The doorbell. Peter ignored it. He was near deadline for the piece on his computer screen — puffery to accompany the statistics of a corporate report. After two days of starts and stops, he had a handle on it. Finish this, and get back to the novel.

The doorbell again, more insistent. He sighed, left his study and went to the big Dutch door in the kitchen that served as front door. A small man, graying, with a black bag. “Mr. Keating? I’m here to tune the piano.”

Of course. Meg’s reunion was just a few days away; an out-of-tune piano would be an embarrassment if Beth visited and wanted to play a few bars. “Come in, Mr. . . .”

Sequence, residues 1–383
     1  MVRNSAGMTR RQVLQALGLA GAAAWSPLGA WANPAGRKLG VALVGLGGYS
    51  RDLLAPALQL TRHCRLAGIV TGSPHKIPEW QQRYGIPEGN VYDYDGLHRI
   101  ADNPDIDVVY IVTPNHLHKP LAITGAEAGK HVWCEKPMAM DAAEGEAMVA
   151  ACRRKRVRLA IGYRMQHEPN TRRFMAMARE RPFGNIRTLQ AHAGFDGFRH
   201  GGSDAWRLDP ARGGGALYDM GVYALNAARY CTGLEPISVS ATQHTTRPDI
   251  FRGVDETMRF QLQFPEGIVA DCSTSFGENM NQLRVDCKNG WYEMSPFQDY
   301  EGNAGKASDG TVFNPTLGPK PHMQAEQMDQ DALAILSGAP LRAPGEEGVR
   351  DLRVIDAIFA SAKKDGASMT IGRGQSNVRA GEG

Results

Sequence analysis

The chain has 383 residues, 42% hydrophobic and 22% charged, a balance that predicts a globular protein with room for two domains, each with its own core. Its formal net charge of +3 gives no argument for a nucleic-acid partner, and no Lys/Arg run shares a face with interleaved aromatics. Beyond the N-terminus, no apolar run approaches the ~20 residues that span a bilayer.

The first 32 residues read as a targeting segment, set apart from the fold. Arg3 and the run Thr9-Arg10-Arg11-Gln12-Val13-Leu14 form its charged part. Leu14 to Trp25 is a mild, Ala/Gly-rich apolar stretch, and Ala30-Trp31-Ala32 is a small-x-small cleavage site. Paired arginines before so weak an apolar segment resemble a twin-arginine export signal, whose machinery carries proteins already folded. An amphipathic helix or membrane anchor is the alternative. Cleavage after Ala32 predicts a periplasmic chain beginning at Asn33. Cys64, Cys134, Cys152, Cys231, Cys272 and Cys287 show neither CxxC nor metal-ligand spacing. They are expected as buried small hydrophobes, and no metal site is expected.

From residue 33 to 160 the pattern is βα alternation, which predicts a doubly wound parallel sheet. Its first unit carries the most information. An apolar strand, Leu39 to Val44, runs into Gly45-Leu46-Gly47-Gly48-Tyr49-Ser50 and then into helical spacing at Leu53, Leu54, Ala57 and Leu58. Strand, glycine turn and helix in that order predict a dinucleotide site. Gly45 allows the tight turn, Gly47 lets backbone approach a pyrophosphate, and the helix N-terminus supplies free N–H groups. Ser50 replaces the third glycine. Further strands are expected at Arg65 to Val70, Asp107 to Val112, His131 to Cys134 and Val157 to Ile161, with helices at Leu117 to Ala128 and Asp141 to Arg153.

“Casey. Howard Casey. Been years since I was here. It must be way out of tune.” Shown to the living room, he set his bag beside the bench, took off the piano lid with astonishing ease, stood it firmly against a sofa, turning to take in the wide arc of sliding glass doors that framed the piano. The garden was coming into spring bloom; at the forest edge, burgeoning oaks and maples began to fill winter’s spaces between dark firs and pines. “I wish I came more often. I look after a lot of pianos. This has far the best view.”

Read the whole story in Clare Literary Magazine



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